One of the most exciting things that Tasmania has offered us as a family, is a deeper understanding of Australian history. Instead of just reading from books, the kids have been able to walk within the walls of convict buildings, see artifacts, historical records, and be immersed in wonderful interpretations of the life of convicts back in the 1800’s on “Van Diemen’s Land.”
We were really excited to learn that Port Arthur runs a wonderful program over the school holidays, that bring history to life, with a stack of child friendly fun. While our kids do really enjoy all the history of Tasmania, it’s even more special when there’s child focused activities for them to enjoy during our visits.
Gemma, the lovely Education Officer for Port Arthur greeted us with a ready-made challenge for the kids – To try their hand at brick making. What child doesn’t like to play with clay! Gemma explained that the kids would be using a process that replicated the way the convicts would make bricks, it was just on a smaller scale. In order to build all the structures around Port Arthur, convicts produced a constant supply of bricks, with each able to produce over 1000 bricks per day, which were then left to dry, and later used in construction of buildings around the site.
From brick makers to “Love Token” designers, a new story unfolded. I hadn’t heard of love tokens before our visit to Port Arthur, but those who were sent away, or had to leave their families would use things like coins, filed to a smooth surface, and engrave designs or messages in them so loved ones left behind would remember them. Such a beautiful gesture and so much fun for the kids to create.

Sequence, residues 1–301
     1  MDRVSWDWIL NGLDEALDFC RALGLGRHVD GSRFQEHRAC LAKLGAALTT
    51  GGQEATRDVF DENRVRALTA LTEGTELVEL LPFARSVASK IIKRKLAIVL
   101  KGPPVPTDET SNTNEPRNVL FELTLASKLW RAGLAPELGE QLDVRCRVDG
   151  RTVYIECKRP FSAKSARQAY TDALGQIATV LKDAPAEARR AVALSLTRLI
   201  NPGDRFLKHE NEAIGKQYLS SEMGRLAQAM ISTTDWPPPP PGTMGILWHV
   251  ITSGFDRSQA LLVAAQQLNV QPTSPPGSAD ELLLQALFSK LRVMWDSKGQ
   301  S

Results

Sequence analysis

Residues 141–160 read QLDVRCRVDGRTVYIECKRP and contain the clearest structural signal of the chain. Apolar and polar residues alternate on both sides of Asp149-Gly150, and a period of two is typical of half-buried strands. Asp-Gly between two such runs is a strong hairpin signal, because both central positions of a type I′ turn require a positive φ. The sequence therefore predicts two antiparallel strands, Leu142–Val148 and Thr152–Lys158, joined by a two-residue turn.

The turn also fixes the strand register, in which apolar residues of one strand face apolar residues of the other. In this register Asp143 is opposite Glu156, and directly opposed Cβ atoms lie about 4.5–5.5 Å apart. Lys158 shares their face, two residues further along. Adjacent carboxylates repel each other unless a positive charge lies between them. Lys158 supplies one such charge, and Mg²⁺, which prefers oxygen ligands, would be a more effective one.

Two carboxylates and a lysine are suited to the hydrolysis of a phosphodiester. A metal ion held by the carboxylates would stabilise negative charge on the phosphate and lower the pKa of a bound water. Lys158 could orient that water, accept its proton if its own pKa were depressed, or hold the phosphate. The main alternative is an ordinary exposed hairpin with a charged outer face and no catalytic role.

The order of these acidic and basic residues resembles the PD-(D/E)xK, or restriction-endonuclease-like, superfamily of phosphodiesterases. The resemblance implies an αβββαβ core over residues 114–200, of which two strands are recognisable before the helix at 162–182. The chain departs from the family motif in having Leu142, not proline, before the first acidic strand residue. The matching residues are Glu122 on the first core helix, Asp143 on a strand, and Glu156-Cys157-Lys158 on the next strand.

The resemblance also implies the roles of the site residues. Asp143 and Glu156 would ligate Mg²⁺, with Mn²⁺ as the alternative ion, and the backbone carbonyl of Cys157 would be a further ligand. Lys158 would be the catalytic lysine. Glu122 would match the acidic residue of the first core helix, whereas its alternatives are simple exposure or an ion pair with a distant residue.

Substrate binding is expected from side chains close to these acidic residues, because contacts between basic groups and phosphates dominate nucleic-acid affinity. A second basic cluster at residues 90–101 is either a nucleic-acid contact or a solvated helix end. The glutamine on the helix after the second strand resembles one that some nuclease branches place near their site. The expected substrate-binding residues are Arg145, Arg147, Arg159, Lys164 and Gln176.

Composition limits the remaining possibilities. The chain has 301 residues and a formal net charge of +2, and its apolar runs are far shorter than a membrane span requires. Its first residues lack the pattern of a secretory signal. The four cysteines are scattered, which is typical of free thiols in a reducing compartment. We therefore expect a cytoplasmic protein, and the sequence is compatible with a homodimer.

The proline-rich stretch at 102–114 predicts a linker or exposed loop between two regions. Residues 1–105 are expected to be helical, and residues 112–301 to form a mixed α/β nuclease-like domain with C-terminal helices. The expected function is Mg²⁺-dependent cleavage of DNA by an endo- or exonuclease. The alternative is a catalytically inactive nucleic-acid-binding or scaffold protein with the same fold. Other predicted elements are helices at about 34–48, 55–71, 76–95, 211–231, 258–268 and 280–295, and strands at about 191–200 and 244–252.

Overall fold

It didn’t stop there! Our kids have had to become quite conscious of the amount of toys, and types of toys that they could bring with them on the road. They learned about children in the convict era making their own dolls from pegs and scraps of cloth that might be around the house. They each set about creating a peg doll of their own, and I’m sure Gemma will be pleased to know, they are still a daily feature in the van play time 🙂
Lastly, another new item I’d not heard about before our visit – Fantascopes. These simple wheels are absolutely delightful and left the kids wondering just exactly how they worked. If you watch at the end of the video, you can actually see the fantascope working, in the mirror when Matt captured the footage on film.
The best thing about these activities were how mindful the kids became of how life might have been all those years ago, both for the convicts who spent their days with hard labour and jobs such as brick making, and for children, for whom flashy video games and even plastic toys were not a reality, more simple fun and creativeness would instead fill their days.
If you happen to be around Port Arthur while their children’s programs are running, then be sure to take the time to visit, not only is the visit itself a wonderful experience, but the kids activities add a different dimension which really offers something unique and exciting.